However, we like to travel off piste, so the following day we closed our guide books and followed an itinerary suggested by a new Kiwi friend.
Emma’s advice included a stop at regular local hang, the Farmer’s Market in Hastings, separated from its rival and neighbor by orchards and vineyards. There the bounty of the region was on full display, a cornucopia of fruits, veggies, cheeses, nuts, meats, sweets, wines and beers.
To work off our lunch on the park grounds, we set off to Te Mata Peak at the western boundary of the wine-producing Heretaunga Plains.
Te Mata stands at about 1300 feet above sea level, a relatively easy walk in the park for Telluride locals, nevertheless the panoramic views from the summit – Ruahine, Kaweka and Maungaharuru Ranges and Cape Kidnappers, the valley and town below – are well worth the (relatively minimal) effort.
Go here to read about the legend of Te Mata.
Hastings pastoral farms are the legacy of Victorian settlers who laid claim to huge tracks, among them, the McCutcheon clan.
We met Janine McCutheon on our stop at Craggy Range, a memorable pause to refresh – wines, building and grounds – on the very brief wine tour we took after our hike.
The other stop locals told us not to miss was Elephant Hill, also on the Te Awanga coast, aesthetically very different, but just as visually stunning as Craggy Range. As it turned out, both wineries were designed by the same talented architect, a New Zealand local named John Blair.
Janine’s great grandparents landed their boat in Napier in 1877 and raised 15 children, all born in the province. An uncle was the first white baby (or Pakeha, Maori for European) to be registered in the North Island’s Central Plateau. Janine, who once danced with the New Zealand National Ballet and traveled the world, returned home to become a private tour guide in the Hawke’s Bay area through her company, Bespoke. The afternoon we met, Janine was hosting newlyweds Debra and Brian from New York. Based on our brief conversation, Janine is well worth digging deep into your wallet if you want to tour Hawke’s Bay in style.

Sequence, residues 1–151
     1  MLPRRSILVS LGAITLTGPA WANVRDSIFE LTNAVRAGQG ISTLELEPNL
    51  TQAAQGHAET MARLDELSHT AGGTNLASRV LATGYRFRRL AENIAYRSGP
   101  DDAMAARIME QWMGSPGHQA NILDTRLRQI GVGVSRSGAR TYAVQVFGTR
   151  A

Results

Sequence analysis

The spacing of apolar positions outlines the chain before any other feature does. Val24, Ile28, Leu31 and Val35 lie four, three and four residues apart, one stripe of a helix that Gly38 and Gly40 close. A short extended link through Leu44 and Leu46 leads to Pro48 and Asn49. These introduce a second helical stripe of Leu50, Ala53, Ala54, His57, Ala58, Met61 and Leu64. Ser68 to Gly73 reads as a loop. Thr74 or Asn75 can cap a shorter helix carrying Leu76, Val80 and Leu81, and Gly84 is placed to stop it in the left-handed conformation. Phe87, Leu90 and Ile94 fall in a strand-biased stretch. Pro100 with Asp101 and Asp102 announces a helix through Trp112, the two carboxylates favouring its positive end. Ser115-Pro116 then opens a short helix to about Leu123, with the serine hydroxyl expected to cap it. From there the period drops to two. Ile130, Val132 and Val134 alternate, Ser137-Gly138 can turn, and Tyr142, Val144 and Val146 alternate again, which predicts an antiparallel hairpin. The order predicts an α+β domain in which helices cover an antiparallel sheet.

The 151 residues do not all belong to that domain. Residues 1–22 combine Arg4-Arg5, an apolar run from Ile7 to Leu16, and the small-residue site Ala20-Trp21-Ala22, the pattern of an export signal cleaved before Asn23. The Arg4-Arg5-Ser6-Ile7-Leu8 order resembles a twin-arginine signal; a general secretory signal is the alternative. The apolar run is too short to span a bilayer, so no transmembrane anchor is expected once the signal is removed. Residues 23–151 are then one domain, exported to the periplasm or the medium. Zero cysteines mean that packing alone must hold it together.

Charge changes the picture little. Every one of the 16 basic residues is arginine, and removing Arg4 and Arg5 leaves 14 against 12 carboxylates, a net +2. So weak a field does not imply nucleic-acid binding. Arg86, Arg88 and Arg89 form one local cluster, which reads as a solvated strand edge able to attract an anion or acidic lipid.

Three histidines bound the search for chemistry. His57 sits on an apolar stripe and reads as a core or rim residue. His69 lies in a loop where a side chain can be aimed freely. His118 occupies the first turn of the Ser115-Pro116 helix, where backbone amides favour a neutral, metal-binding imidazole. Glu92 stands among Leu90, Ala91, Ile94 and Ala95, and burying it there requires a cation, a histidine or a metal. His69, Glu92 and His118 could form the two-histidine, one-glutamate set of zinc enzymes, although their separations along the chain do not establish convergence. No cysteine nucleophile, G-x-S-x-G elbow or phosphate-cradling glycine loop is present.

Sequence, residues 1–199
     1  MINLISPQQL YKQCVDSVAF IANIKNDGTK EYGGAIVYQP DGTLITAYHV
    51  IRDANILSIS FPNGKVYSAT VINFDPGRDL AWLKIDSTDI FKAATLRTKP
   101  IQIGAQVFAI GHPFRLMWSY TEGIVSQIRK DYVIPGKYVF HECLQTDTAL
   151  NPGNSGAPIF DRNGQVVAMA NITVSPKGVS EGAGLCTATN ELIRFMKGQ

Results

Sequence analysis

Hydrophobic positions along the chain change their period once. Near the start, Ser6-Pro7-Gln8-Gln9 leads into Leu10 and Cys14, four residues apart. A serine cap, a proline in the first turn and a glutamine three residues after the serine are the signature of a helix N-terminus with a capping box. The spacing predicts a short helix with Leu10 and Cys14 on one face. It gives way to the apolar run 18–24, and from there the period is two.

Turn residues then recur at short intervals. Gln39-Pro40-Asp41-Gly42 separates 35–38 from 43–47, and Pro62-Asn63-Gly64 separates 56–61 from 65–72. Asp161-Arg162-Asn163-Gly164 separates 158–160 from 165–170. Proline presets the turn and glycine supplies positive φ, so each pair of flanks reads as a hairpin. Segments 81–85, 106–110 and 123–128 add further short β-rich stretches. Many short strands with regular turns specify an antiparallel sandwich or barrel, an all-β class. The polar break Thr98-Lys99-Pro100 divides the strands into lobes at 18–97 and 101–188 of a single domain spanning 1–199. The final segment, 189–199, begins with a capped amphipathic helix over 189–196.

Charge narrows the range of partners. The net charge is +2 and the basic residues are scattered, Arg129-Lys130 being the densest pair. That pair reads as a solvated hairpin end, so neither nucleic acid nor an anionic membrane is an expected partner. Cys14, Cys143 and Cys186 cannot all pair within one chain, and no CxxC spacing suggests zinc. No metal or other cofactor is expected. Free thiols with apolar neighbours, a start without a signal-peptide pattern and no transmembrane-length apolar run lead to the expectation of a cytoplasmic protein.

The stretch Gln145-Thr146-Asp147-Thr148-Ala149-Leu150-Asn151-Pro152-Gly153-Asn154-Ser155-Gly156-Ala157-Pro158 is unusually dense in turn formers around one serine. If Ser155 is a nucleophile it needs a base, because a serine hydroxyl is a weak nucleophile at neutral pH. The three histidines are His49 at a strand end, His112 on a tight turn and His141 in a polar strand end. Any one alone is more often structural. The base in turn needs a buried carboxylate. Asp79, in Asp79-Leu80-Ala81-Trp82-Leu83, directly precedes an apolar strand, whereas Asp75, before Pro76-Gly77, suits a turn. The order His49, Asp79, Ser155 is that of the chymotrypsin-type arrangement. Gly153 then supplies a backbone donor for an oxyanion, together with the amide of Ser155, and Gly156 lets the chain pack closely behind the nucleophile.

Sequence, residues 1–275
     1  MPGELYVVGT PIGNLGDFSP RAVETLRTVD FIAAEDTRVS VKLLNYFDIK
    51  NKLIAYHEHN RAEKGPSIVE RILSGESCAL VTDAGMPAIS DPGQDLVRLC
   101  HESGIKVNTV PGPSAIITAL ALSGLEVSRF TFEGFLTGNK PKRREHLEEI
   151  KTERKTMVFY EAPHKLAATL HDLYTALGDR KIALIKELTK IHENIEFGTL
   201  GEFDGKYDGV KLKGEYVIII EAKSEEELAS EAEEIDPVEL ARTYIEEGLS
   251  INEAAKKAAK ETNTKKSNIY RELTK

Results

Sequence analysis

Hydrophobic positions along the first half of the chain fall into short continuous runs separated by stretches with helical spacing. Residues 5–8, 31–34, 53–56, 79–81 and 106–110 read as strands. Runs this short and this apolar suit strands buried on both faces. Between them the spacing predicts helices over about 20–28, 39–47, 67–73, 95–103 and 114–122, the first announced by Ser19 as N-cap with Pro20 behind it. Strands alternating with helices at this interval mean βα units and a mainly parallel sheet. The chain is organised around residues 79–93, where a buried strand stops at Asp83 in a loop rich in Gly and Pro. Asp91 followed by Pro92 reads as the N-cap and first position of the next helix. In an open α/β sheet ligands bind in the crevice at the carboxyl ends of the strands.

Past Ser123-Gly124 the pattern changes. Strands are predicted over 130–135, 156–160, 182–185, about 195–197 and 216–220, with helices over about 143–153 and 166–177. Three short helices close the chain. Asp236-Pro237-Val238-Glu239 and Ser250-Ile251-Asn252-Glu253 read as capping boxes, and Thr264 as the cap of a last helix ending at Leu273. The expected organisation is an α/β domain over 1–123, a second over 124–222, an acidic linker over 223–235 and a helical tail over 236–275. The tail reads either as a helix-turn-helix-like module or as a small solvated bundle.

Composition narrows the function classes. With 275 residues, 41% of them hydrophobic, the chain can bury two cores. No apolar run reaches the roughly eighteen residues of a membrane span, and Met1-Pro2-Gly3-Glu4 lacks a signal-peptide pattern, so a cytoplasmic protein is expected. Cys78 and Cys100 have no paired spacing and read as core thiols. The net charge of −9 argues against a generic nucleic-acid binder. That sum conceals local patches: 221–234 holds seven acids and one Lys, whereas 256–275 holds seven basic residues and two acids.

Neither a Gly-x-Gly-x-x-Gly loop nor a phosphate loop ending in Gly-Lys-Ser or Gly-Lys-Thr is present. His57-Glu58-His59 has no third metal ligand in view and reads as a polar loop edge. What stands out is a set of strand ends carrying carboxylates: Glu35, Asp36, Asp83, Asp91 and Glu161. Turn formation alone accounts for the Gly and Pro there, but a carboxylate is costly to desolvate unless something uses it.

Grape vines were first planted in the Hawke’s Bay in 1851 by Marist missionaries. Their legacy is Taradale’s historic Mission Winery, where thanks to Janine, we were able to bag a last-minute dinner reservation on the historic site where it all began in 1851.
Hawke’s Bay has since earned itself an international reputation for producing high quality Cabernet & Merlot blends, Syrah, Chardonnay, Pinot Noir and an impressive array of aromatic white wines.
Where to eat in Napier: Don’t miss the chance to enjoy a meal at Mister D, “a little bit country and a little bit rock & roll.” The produce is local and fresh; the wine list, extensive.
And if you are going to be in Hawke’s Bay, also book Pacifica – but well in advance. Its chef, Jeremy Raymaka just won New Zealand’s 2017 Chef of the Year Award.
If you are into experiments with food, very creative presentations, we also heard Bistronomy is lots of fun.